Shielding the Public Interest: What Canada Can Learn from the United States in the Wake of National Post and Globe & Mail

By Burke, Jason D. | Boston College International and Comparative Law Review, Winter 2012 | Go to article overview

Shielding the Public Interest: What Canada Can Learn from the United States in the Wake of National Post and Globe & Mail


Burke, Jason D., Boston College International and Comparative Law Review


Abstract: In Canada and the United States, freedom of the press is among the most fundamental rights of citizens; yet, the exact contours of this freedom are still hotly debated. One contested question concerns the right of a journalist to protect the identity of his or her confidential sources. In Canada, two recent Supreme Court decisions established that a journalist may have a privilege to protect the identity of his or her confidential sources. This Note argues that the case-by-case determination with a presumption in favor of disclosure that these two cases establish is insufficient to protect the strong interest in a free press, which is bolstered by the ability to use confidential sources. Rather, Canada should legislatively enact a shield law based on those of many U.S. states in which the privilege is extended broadly and is nearly absolute, with only limited circumstances in which the state can compel disclosure.

Introduction

For years, Canada has been one of the countries leading the world in freedom of the press.1 In 2010, Reporters Without Borders ranked Canada twenty-first out of 178 nations in its annual survey, the Press Freedom Index.2 Indeed, in the years between 2002 and 2010, Canada never fell below the twenty-first position on this survey.3

Despite its highly developed freedom of the press, Canadian jour- nalists have experienced certain setbacks in their quest for full freedom of the press.4 For example, in 2010, the Supreme Court of Canada up- held a broad ban against the publication of information arising out of bail hearings.5 In 2009, a federal court in Canada limited public access to information when it denied a professor-journalist's request to review government information about human rights in Afghanistan.6 Further, after a 2004 provision of the Criminal Code allowed journalists to be a source of evidence in certain criminal investigations, several journalists had to fight to keep their notes and photographs private.7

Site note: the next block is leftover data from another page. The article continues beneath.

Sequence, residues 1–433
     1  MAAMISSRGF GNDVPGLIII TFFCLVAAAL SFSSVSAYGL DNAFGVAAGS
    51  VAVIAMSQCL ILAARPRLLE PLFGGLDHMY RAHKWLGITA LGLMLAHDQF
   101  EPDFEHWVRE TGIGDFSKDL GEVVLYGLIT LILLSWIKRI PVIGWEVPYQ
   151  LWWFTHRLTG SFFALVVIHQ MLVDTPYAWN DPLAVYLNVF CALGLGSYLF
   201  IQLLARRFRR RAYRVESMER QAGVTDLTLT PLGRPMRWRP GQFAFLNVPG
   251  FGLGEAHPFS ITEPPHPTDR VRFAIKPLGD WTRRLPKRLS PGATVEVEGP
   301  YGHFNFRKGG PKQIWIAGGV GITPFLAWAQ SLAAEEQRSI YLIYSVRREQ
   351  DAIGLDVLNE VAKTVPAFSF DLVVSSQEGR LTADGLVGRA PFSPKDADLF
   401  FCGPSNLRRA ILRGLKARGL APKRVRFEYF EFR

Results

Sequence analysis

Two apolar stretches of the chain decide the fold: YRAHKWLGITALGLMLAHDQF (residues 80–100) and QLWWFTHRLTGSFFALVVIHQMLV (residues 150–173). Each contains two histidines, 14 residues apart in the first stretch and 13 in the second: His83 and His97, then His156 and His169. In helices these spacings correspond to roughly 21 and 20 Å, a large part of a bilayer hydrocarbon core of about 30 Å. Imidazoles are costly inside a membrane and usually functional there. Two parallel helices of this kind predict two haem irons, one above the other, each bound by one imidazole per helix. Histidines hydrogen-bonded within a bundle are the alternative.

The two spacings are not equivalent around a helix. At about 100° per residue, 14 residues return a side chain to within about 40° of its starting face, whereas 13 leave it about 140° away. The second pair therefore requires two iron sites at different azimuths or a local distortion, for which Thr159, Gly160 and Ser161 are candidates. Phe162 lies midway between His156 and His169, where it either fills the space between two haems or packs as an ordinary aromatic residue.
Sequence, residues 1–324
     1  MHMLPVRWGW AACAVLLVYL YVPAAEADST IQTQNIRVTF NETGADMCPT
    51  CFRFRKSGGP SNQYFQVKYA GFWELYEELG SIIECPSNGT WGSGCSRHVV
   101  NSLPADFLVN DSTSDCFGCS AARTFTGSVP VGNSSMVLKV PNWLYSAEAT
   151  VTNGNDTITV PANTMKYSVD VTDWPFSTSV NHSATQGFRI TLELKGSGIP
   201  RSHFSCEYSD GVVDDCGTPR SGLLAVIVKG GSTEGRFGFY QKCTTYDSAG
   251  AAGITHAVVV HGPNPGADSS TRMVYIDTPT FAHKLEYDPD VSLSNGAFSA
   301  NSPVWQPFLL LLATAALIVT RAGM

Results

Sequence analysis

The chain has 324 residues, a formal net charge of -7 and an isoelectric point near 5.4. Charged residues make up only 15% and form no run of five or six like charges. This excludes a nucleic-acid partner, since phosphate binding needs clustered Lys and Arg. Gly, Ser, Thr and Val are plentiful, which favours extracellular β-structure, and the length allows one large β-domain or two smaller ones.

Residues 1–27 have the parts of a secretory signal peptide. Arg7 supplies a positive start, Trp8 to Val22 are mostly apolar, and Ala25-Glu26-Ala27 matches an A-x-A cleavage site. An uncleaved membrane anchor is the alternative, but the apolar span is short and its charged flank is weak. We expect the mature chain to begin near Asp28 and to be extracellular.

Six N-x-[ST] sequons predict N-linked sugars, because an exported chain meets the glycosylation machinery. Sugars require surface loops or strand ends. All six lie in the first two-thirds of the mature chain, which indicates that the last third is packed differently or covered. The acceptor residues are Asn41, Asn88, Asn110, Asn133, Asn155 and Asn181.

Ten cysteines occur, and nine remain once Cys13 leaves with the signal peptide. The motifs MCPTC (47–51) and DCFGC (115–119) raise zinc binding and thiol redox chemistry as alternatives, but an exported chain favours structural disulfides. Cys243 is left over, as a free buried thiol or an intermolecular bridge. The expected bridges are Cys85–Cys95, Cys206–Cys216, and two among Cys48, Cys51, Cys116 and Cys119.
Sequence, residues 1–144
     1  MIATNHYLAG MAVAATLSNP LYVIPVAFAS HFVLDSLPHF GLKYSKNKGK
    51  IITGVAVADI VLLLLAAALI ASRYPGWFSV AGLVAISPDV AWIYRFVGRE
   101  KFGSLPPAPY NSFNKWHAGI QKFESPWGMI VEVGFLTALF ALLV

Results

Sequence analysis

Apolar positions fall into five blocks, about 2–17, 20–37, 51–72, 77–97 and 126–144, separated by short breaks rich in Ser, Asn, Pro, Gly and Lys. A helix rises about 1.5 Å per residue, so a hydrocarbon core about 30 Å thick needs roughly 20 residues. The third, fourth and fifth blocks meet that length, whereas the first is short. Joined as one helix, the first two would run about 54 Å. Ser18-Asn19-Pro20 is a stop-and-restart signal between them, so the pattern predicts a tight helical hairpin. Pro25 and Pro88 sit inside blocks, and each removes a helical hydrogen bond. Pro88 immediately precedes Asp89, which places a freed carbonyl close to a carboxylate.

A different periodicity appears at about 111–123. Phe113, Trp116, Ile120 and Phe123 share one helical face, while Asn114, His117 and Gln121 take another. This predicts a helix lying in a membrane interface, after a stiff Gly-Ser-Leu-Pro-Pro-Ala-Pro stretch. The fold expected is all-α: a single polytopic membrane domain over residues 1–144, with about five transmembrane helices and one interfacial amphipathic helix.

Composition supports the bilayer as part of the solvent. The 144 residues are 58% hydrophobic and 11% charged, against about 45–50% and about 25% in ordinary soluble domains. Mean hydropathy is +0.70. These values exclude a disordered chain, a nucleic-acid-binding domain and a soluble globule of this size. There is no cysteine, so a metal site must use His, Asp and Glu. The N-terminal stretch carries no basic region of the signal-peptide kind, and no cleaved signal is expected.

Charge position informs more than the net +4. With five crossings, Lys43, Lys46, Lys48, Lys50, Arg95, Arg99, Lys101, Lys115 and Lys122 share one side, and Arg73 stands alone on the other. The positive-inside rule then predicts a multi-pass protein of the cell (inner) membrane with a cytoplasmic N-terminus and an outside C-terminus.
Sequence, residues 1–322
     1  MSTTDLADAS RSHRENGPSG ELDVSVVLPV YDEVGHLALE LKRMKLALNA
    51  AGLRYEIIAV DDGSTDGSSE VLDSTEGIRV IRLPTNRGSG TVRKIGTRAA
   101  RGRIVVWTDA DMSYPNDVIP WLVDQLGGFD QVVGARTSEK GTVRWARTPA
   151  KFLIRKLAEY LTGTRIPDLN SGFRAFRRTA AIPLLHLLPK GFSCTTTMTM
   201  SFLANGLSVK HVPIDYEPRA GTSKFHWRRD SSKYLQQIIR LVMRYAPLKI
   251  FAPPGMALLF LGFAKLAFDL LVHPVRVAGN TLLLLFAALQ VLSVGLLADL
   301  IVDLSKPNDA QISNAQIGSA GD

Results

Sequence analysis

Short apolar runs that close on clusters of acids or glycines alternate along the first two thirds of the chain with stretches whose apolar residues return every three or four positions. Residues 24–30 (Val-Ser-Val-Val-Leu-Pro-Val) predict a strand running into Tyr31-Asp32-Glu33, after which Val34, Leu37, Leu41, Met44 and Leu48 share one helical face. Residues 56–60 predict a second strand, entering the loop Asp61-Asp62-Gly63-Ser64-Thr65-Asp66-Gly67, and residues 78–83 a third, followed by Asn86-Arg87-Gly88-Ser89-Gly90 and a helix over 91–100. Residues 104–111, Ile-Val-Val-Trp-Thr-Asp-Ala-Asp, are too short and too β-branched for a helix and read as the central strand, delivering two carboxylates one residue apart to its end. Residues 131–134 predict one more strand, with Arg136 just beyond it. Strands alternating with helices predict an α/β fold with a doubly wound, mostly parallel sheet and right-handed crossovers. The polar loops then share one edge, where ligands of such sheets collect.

Part I of this Note lays out the facts of several key cases from the highest courts in Canada and the United States regarding the journal- ist-source privilege. Part II discusses the importance of confidential sources and the current state of the law with regard to a privilege for journalists to protect the identity of their confidential sources under Canadian and U.S. law. Part III shows how the National Post standard is insufficient to protect the journalist-source relationship and then pro- poses that the Parliament of Canada ("Parliament") legislatively enact a shield law to address these issues. It goes on to use the large body of work about the journalist-source privilege in the United States to dis- cuss how Parliament should address two of the biggest issues regarding shield laws: the extent of the privilege and to whom the privilege is ex- tended.

I. Background

A. The Tenuousness of Confidential Sources in Canada

One particular aspect of freedom of the press has recendy seen a great deal of legal flux: the privilege of journalists to maintain the con- fidentiality of their sources.8 Over the past several years, various Cana- dian journalists have been compelled to turn over their confidential sources.9 Two recent cases on this issue that found their way to the Ca- nadian Supreme Court are It v. National Post10 and Globe & Mail v. Can- ada.11 In the first case, the Canadian Supreme Court decided that the privilege of journalists to keep their sources confidential is not an es- sential part of the right to freedom of the press guaranteed by the Ca- nadian Charter of Rights and Freedoms (the Charter).12 Instead, the Canadian Supreme Court held that there must be a case-by-case inquiry that balances the interest of a free press with the state's interest in the disclosure of information at trial.13 The second case on this issue hand- ed down in 2010 followed National Post and found that the correct pro- cedure for analyzing whether a source should remain confidential is a case-by-case balancing test. …

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